The Fabric-Reinforced Controlled Motion Robot (FRCMR) is a soft robot that mimics the basic locomotive methods of both an earthworm and an inchworm. It is comprised of three silicone bladders arranged in a triangle. Each bladder is divided into two sections allowing the front and back of the robot to operate independently. The bladders are confined within a fabric sleeve. This sleeve not only limits radial expansion of the bladders but also acts as soft armor, protecting the robot from environmental hazards that could cut or puncture the bladders. The sleeve is secured to the bladders using tie wraps on either end.
The robot has feet located at either end of the sleeve. Each foot is a fabric patch that features multiple rows of bristles. Each bristle has bare fabric on the forward facing side and a rubber coating on the rear facing side. Using directional friction, the robot exhibits forward locomotion through linear expansion and contraction. The foot patches can be removed or replaced as required.
Through different inflation patterns, several modes of locomotion can be achieved.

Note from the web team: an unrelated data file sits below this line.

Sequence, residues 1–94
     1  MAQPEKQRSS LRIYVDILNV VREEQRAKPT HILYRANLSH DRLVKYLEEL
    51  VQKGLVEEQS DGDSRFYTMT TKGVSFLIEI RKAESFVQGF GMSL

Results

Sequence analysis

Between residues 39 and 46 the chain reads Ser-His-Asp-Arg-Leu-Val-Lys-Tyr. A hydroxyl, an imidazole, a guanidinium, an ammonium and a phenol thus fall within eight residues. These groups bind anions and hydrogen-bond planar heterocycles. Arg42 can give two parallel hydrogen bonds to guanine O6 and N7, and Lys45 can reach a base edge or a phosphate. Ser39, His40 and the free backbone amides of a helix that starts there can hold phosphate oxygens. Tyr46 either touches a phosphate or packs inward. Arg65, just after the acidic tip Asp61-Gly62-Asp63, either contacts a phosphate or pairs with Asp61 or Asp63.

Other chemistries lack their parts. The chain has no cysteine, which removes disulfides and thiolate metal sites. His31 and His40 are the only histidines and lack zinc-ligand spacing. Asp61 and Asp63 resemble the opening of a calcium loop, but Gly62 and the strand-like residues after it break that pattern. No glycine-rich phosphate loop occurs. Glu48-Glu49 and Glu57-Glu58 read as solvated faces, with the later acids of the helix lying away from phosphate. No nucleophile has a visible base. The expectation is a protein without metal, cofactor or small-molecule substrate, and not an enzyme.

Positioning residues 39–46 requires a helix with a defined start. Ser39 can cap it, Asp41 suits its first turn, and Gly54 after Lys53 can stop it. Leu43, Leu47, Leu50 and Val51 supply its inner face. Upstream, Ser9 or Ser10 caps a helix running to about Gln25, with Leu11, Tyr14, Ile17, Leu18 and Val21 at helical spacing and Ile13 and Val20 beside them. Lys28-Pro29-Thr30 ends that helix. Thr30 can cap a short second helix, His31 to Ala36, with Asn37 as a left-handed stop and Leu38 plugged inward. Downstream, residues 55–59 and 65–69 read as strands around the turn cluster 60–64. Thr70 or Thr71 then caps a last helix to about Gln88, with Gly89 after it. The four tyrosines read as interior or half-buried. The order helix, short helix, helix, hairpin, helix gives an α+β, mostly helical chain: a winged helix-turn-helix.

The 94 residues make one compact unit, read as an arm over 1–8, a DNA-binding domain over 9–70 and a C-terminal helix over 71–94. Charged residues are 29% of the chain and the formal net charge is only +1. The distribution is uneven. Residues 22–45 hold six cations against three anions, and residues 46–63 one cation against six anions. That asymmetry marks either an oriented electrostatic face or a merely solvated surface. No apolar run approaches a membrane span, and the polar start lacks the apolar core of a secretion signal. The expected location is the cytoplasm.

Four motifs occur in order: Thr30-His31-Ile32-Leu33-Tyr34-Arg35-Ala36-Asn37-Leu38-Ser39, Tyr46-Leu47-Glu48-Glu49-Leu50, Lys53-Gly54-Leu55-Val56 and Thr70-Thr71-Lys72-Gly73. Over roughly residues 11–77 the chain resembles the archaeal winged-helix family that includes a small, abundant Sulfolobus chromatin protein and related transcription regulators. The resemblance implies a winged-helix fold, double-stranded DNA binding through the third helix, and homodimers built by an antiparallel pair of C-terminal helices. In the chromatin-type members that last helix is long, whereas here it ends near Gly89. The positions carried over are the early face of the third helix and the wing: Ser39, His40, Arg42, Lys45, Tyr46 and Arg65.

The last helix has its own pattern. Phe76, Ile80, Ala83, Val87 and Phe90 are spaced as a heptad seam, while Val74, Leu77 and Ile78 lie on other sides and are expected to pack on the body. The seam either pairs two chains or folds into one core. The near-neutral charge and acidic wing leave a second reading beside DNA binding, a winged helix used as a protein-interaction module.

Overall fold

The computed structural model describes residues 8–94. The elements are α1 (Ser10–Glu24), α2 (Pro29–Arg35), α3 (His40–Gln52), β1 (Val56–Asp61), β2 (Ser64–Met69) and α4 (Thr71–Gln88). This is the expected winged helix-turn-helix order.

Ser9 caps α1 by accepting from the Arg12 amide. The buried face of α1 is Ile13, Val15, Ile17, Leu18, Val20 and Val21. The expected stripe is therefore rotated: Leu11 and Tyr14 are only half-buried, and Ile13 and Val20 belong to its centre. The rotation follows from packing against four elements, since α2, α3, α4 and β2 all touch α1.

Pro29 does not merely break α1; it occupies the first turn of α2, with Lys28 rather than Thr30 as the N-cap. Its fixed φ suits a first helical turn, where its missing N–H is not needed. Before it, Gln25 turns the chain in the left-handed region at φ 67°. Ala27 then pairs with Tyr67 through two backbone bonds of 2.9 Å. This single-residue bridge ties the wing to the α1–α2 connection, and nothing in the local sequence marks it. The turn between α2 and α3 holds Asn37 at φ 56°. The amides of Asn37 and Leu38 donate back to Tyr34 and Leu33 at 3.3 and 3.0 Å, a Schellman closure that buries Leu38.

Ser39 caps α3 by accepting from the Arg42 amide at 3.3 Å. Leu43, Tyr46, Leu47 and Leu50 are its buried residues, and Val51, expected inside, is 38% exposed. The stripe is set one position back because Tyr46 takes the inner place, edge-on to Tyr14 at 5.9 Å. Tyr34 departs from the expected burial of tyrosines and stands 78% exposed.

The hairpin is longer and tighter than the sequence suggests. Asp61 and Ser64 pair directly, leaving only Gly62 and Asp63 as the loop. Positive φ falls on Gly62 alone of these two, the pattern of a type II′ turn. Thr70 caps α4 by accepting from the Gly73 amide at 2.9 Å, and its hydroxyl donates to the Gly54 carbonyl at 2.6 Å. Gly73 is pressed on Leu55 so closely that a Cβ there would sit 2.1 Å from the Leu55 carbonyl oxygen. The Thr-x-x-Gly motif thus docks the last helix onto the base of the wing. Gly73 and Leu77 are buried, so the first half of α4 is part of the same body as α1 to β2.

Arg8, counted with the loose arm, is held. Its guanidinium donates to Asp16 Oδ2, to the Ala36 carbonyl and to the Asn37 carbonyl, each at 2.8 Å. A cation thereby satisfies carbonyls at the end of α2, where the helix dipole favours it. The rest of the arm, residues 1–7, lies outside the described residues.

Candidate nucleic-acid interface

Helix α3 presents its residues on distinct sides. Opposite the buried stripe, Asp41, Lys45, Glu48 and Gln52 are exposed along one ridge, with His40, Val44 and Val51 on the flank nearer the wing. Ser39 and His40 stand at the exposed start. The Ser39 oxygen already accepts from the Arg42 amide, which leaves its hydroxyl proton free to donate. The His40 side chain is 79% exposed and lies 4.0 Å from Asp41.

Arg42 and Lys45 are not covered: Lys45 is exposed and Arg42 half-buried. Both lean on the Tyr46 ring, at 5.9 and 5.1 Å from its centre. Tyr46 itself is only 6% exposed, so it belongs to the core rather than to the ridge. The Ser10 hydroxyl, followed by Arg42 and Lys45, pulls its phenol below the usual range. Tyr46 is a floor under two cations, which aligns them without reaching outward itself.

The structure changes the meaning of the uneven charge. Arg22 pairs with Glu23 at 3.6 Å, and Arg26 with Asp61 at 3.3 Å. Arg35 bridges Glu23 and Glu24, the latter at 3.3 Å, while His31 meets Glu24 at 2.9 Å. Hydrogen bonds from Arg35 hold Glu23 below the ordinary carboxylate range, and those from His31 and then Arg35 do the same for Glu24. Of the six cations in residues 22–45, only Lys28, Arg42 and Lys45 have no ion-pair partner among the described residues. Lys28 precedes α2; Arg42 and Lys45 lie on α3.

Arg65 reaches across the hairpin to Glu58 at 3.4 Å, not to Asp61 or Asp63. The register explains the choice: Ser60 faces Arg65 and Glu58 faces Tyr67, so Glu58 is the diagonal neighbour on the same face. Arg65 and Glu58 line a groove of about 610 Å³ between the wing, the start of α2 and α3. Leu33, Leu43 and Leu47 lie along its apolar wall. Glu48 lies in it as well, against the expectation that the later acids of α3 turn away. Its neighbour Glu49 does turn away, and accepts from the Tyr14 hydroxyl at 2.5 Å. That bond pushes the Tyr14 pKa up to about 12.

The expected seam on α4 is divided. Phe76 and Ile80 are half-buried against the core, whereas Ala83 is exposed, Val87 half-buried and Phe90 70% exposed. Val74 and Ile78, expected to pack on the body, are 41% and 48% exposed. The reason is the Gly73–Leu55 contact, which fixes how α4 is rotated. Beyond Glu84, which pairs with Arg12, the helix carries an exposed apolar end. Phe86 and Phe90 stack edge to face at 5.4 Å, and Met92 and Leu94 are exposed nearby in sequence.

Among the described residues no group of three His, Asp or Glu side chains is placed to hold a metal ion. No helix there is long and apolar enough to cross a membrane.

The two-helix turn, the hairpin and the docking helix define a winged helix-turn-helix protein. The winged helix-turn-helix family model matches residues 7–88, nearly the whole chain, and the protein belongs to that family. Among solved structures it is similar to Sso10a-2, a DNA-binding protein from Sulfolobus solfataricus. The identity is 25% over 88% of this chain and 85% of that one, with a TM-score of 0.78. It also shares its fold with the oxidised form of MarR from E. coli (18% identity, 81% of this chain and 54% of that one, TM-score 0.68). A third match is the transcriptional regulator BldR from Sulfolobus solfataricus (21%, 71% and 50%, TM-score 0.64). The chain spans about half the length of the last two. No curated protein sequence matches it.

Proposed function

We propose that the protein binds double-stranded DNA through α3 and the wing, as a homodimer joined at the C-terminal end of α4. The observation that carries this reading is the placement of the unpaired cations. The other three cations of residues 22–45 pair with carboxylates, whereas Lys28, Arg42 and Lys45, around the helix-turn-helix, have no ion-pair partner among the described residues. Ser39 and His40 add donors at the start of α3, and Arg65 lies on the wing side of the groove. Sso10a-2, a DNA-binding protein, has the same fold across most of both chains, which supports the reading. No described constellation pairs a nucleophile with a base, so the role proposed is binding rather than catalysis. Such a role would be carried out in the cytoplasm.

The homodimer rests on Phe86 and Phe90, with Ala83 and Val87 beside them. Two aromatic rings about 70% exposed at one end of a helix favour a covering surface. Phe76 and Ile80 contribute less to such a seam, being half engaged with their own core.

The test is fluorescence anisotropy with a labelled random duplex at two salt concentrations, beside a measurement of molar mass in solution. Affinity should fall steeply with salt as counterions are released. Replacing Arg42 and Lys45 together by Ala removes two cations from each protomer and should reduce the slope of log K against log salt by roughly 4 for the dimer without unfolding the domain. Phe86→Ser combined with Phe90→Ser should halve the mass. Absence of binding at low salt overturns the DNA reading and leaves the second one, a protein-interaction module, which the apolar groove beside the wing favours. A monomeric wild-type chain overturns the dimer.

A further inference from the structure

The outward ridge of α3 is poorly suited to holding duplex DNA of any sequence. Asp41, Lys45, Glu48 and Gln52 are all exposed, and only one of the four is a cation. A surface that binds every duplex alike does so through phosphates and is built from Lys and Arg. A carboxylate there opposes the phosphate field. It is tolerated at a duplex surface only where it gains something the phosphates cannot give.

The simplest mode of locomotion occurs when all three bladders extend and retract simultaneously. This produces a highly stable flat earthworm like crawling motion.
While performing the inchworm motion the robot bends in an upside down U and then straightens. This is more air-efficient because the bladders only partially deflate. It is also the least stable mode of transport.
The turning motion occurs when the bladders on one side of the sleeve inflate, allowing the robot to pitch in the opposite direction.
During the climbing motion, the front of the robot bends upwards, extends and then bends back down on top of the obstacle .
The robot is controlled via a fluidic control board detailed on the Soft Robotics Toolkit using a closed feedback loop that reads the pressure of each bladder.